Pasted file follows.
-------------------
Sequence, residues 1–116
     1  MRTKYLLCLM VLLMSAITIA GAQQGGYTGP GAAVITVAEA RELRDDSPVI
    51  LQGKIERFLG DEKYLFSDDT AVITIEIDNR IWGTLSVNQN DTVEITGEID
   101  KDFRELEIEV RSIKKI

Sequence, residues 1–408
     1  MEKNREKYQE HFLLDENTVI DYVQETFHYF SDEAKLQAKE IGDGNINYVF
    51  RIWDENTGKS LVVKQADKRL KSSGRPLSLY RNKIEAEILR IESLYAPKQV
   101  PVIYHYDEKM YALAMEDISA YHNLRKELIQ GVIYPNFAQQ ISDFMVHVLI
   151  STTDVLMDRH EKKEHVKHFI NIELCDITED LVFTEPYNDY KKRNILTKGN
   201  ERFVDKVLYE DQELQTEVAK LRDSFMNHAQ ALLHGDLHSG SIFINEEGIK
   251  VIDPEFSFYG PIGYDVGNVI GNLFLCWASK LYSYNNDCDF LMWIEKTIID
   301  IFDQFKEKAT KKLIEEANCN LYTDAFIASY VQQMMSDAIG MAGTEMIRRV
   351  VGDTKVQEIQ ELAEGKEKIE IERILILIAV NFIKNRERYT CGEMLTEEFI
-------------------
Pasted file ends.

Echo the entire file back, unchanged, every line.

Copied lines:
Sequence, residues 1–116
     1  MRTKYLLCLM VLLMSAITIA GAQQGGYTGP GAAVITVAEA RELRDDSPVI
    51  LQGKIERFLG DEKYLFSDDT AVITIEIDNR IWGTLSVNQN DTVEITGEID
   101  KDFRELEIEV RSIKKI

Sequence, residues 1–408
     1  MEKNREKYQE HFLLDENTVI DYVQETFHYF SDEAKLQAKE IGDGNINYVF
    51  RIWDENTGKS LVVKQADKRL KSSGRPLSLY RNKIEAEILR IESLYAPKQV
   101  PVIYHYDEKM YALAMEDISA YHNLRKELIQ GVIYPNFAQQ ISDFMVHVLI
   151  STTDVLMDRH EKKEHVKHFI NIELCDITED LVFTEPYNDY KKRNILTKGN
   201  ERFVDKVLYE DQELQTEVAK LRDSFMNHAQ ALLHGDLHSG SIFINEEGIK
   251  VIDPEFSFYG PIGYDVGNVI GNLFLCWASK LYSYNNDCDF LMWIEKTIID
   301  IFDQFKEKAT KKLIEEANCN LYTDAFIASY VQQMMSDAIG MAGTEMIRRV
   351  VGDTKVQEIQ ELAEGKEKIE IERILILIAV NFIKNRERYT CGEMLTEEFI